Two off-label use of ketamine are framed by recommendations: in intractable pain in palliative situations or in postoperative pain. Ketamine is used in hospital but can also be used outside hospital with dispensations by hospital pharmacy to outpatients. Few data are available on ketamine use outside hospital. In this context, the French Addictovigilance Network has set up a study with hospital pharmacies.
This survey assesses ketamine dispensations from 1 January to 30 April 2019, for patients who have an administration of ketamine outside hospital.
Sixty-five (65) hospital pharmacies have dispensed ketamine for 553 patients. Ketamine was indicated within non-palliative care in 86% of cases. Most of non-cancer pain were in fibromyalgia (44%) and neuropathic pain (29%). During the 4-month monitoring period, 1352 dispensations were analysed. The frequency of administration is daily in 91% of cases within palliative care whereas it is much more diverse within non-palliative care (33% daily, more than 15 different frequency in fibromyalgia). Within palliative care, ketamine is most administered intravenously or by Patient Controlled Analgesia or syringe pump (78% of cases) whereas in non-palliative care, ketamine is most used subcutaneously (44%), orally (32%) or both subcutaneously and orally (20%). A large number of ampoules could be dispensed (more than 30 ampoules for 10% of dispensations).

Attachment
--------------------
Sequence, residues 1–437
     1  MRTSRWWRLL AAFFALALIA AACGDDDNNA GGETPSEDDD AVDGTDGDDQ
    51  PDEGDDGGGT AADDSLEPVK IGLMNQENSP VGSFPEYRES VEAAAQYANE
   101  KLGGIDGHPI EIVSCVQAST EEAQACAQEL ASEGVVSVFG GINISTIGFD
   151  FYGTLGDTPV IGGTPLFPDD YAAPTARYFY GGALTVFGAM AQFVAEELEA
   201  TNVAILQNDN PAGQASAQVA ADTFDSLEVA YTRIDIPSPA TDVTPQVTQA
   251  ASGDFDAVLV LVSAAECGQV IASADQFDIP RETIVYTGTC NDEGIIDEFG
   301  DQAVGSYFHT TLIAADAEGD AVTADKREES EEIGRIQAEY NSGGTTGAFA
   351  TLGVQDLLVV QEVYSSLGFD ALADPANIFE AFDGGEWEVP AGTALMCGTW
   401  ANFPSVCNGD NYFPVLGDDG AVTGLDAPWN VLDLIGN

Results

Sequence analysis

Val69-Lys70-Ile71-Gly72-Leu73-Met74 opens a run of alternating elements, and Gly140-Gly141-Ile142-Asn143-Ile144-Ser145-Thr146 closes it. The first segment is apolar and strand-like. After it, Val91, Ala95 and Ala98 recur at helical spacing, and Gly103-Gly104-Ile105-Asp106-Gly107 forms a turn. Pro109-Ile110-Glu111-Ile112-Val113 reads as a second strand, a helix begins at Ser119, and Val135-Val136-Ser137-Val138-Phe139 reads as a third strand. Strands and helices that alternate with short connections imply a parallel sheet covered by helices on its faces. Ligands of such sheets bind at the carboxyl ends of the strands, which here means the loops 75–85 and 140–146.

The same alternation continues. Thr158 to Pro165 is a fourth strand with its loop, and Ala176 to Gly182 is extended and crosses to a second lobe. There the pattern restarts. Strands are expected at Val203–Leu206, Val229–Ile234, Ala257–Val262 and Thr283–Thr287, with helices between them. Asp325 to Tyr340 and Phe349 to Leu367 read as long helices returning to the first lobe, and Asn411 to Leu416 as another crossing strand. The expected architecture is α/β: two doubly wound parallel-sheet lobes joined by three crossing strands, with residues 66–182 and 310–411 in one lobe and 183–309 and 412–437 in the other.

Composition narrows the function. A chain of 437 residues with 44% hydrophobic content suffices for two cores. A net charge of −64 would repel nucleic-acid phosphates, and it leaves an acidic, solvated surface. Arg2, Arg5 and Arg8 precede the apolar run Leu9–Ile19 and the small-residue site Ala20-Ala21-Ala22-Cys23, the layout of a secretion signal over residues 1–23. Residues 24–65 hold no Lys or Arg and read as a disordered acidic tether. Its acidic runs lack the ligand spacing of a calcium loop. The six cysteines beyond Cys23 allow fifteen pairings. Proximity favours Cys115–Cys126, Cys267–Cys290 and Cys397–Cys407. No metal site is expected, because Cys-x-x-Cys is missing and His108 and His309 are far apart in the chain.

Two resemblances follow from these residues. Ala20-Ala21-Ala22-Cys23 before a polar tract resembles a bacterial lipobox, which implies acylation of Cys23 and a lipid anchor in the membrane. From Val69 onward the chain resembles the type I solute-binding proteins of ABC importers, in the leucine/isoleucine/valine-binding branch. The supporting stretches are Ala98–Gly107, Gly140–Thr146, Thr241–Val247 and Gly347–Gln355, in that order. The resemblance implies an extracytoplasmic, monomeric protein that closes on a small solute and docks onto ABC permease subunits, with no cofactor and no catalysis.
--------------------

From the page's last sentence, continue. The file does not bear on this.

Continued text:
These data highlighted that recommendation in pain are not respected because most of ketamine is used within non-palliative care context and it should be noted a great heterogeneity of practice. This study underlines the urgency of targeted and clear information on certain off-label uses of ketamine for which no robust clinical studies are available and for which the risk of health complications like psychiatric (addiction), urologic and hepatologic complications is proven.

Copyright © 2022 Société française de pharmacologie et de thérapeutique. Published by Elsevier Masson SAS. All rights reserved.